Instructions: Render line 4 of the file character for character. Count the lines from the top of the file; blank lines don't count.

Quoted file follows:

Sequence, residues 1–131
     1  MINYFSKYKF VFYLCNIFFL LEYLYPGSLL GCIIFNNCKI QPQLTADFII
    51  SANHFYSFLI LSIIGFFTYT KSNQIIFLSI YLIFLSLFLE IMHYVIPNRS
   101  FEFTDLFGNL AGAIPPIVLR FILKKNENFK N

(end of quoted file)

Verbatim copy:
   101  FEFTDLFGNL AGAIPPIVLR FILKKNENFK N